What Is LiDAR and How Does It Work?
Light Detection and Ranging (LiDAR) is an extremely popular method of mapping environments, it's most commonly used in autonomous vehicles, military applications, surveying and robotics. Typically LiDAR uses a laser with a wavelength between 600-1000nm, these wavelengths are used as they do not harm the eye when looked at.
So how does it work?
In the most simple terms, LIDAR works by emitting a pulse of light towards an object and measuring the time it takes for the light to bounce off and return.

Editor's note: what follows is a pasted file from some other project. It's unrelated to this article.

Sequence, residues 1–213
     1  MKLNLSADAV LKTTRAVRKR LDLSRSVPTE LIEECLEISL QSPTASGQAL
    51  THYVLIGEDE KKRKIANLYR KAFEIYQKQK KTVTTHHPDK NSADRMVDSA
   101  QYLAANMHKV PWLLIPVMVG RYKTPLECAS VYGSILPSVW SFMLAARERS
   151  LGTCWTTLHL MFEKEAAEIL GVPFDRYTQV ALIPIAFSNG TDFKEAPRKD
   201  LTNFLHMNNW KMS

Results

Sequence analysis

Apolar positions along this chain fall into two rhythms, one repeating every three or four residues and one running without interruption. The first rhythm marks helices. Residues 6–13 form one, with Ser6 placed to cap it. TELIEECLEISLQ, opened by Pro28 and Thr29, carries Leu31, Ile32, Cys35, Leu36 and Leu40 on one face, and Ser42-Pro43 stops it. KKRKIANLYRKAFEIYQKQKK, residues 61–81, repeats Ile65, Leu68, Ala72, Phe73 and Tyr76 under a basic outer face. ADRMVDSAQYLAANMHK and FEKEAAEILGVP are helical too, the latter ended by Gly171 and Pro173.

This time is then used in the Distance-Speed-Time formula where speed is the known speed of light.
Speed = Distance / Time -> Distance = (Speed x Time) / 2
The distance calculated will be for the return trip of the laser pulse so in order to find the distance to the detected object it is divided by 2. There are a number of variations on LiDAR but they all use this principle of a pulse of light being bounced off of an object.